Sustainability Indicators Integrating Consumption Patterns in Strategic Environmental Assessment for Urban Planning
Valentina Castellani,Serenella Sala
Sustainability , 2013, DOI: 10.3390/su5083426
Abstract: Strategic Environmental Assessment (SEA) practices in Europe have been traditionally applied to assess potential environmental impacts due to socio-economic drivers implying specific land use ( viz. infrastructure, building and industrial development). However, other socioeconomic drivers related to citizen behavior, such as household consumption, may significantly contribute to the overall local impacts, but are usually neglected in SEA. Aiming at enlarging the traditional approaches adopted in SEA, the present study integrates two environmental sustainability indicators capturing different aspects of consumption patterns: ecological footprint and carbon balance. The two indicators are calculated in addition to a more traditional set of environmental indicators in order to: (i) understand if the level of consumption of the local community exceeds the limits of natural resources of the area (in a perspective of self-sustainment at the local scale); and (ii) identify the role of spatial planning choices in determining the environmental sustainability of the entire system. The two indicators are calculated and discussed in the context of the SEA of the urban master plans of four municipalities in northern Italy. The two indicators may represent a good proxy for lifestyle impacts, even if some strengths and weaknesses arose from the application to the case study.
The Brain’s Dorsal Route for Speech Represents Word Meaning: Evidence from Gesture
Goulven Josse, Sabine Joseph, Eric Bertasi, Anne-Lise Giraud
PLOS ONE , 2012, DOI: 10.1371/journal.pone.0046108
Abstract: The dual-route model of speech processing includes a dorsal stream that maps auditory to motor features at the sublexical level rather than at the lexico-semantic level. However, the literature on gesture is an invitation to revise this model because it suggests that the premotor cortex of the dorsal route is a major site of lexico-semantic interaction. Here we investigated lexico-semantic mapping using word-gesture pairs that were either congruent or incongruent. Using fMRI-adaptation in 28 subjects, we found that temporo-parietal and premotor activity during auditory processing of single action words was modulated by the prior audiovisual context in which the words had been repeated. The BOLD signal was suppressed following repetition of the auditory word alone, and further suppressed following repetition of the word accompanied by a congruent gesture (e.g. [“grasp” + grasping gesture]). Conversely, repetition suppression was not observed when the same action word was accompanied by an incongruent gesture (e.g. [“grasp” + sprinkle]). We propose a simple model to explain these results: auditory and visual information converge onto premotor cortex where it is represented in a comparable format to determine (in)congruence between speech and gesture. This ability of the dorsal route to detect audiovisual semantic (in)congruence suggests that its function is not restricted to the sublexical level.
Transanal Resection of Rectal Lipoma Mimicking Rectal Prolapse: Description of a Case and Review of the Literature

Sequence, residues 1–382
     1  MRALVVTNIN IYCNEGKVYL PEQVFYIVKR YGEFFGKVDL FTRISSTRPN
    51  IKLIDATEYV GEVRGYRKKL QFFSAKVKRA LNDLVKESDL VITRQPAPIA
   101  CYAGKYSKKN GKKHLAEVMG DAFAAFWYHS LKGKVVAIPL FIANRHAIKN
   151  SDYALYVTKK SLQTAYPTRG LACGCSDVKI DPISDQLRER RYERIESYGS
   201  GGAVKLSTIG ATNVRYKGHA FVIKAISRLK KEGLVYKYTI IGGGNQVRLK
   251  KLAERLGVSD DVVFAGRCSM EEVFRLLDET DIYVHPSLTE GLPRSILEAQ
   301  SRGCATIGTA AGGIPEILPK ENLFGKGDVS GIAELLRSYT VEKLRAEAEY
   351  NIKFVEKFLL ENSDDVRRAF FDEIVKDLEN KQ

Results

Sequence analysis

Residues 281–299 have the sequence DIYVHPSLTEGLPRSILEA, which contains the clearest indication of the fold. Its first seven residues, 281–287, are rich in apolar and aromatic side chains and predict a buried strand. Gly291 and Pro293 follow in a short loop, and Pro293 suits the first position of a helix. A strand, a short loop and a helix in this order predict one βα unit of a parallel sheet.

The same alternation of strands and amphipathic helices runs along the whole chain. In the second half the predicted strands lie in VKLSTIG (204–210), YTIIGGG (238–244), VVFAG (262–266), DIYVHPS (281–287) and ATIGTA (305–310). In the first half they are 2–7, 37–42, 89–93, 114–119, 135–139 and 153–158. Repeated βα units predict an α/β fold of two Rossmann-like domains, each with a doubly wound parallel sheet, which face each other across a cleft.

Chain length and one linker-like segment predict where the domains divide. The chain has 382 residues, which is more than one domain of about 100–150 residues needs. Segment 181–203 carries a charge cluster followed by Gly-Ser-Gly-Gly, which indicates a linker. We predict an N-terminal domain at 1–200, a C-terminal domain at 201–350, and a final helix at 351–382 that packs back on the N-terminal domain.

Jacopo Martellucci,Serenella Civitelli,Gabriello Tanzini
ISRN Surgery , 2011, DOI: 10.5402/2011/170285
Morphologic changes due to human chorionic gonadotropin in the rat testis: Role of vascular endothelial growth factor  [PDF]
Alfonso Papparella, Fabiano Nino, Carmine Noviello, Mercedes Romano, Serenella Papparella, Orlando Paciello, Antonio Agostino Sinisi
Open Journal of Pediatrics (OJPed) , 2013, DOI: 10.4236/ojped.2013.32016

Introduction: Human chorionic gonadotropin (hCG) has an important role in the regulation of reproductive system and a high capacity to stimulate angiogenesis by secretion of vascular endothelial growth factor (VEGF). It could be also used for medical treatment of cryptorchidism, as it stimulates Leydig cells to produce testosterone, but its use has been discussed. Aim of the study was to evaluate the testicular morphological changes due to cyclic administration of hCG possibly related to VEGF effect. Methods: 80 pre-puberal male Sprague-Dawley rats were randomly divided in two groups hCG (50 U/I/ Kg) (n = 55/S) and placebo (n = 25/C) treated. The animals were sacrificed respectively after one (S1 n = 10; C1 n = 5), two (S2 n = 10; C2 n = 5) and three weeks of hCG or placebo treatment (S3 n = 35; C3 n = 15); a blood serum was obtained for evaluation of plasmatic testosterone. The testis, prostates, epididymides and seminal vesicles were drawn and weighted. Specimens were fixed in formalin and coloured by hematoxylin-eosin. Morphometric analysis of Leydig cell number, nuclear area and perimeter was carried out. Immunoistochemistry for VEGF has been performed with the avidin-biotin peroxidase technique. Statistical differences between groups, each of different age, were calculating using Student’s T-test. Results: After the first week of hCG treatment it has been observed an increased testicular weight and volume (+/6%) in experimental respect to control group. This result was not observed after the second and third week of treatment. Significant variations were also observed in the mean prostate weight, whereas mean seminal vesicles weight was significant in the S2 and S3 groups respect to control. In the hCG treated rats it has been observed a poor differentiation of the seminiferous epithelium, with high Leydig cell evidence and increased intertubular eosinophilic material. An interstitial edema was demonstrated without inflammatory cell changes. Morphometric analysis confirmed an increased number of Leydig cells that were always strongly immunostained